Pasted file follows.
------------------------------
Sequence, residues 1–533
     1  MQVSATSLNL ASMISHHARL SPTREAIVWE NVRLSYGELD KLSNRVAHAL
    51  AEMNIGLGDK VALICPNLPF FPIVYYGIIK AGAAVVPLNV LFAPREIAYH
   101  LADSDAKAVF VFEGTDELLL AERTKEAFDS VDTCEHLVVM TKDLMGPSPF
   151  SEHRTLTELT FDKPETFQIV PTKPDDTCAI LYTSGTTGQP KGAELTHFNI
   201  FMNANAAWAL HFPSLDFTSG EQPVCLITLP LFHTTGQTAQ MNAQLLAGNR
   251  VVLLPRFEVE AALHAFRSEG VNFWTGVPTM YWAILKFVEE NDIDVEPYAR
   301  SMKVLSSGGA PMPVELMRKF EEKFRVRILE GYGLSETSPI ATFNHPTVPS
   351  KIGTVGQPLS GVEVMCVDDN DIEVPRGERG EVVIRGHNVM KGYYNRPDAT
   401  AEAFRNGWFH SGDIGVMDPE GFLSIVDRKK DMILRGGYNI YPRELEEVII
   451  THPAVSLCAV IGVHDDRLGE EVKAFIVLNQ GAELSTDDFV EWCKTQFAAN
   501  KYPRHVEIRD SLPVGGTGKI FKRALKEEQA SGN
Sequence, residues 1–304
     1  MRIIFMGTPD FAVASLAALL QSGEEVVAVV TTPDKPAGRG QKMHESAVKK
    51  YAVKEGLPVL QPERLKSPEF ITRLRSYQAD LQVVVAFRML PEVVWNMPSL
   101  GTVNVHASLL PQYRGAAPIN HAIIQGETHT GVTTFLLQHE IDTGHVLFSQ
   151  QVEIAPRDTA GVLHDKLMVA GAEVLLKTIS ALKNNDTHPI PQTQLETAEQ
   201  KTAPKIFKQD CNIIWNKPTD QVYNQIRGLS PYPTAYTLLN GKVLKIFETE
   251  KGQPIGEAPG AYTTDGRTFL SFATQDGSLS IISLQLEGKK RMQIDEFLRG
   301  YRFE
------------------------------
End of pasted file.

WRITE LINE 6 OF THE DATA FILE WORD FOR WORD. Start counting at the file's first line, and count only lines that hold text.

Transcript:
   201  FMNANAAWAL HFPSLDFTSG EQPVCLITLP LFHTTGQTAQ MNAQLLAGNR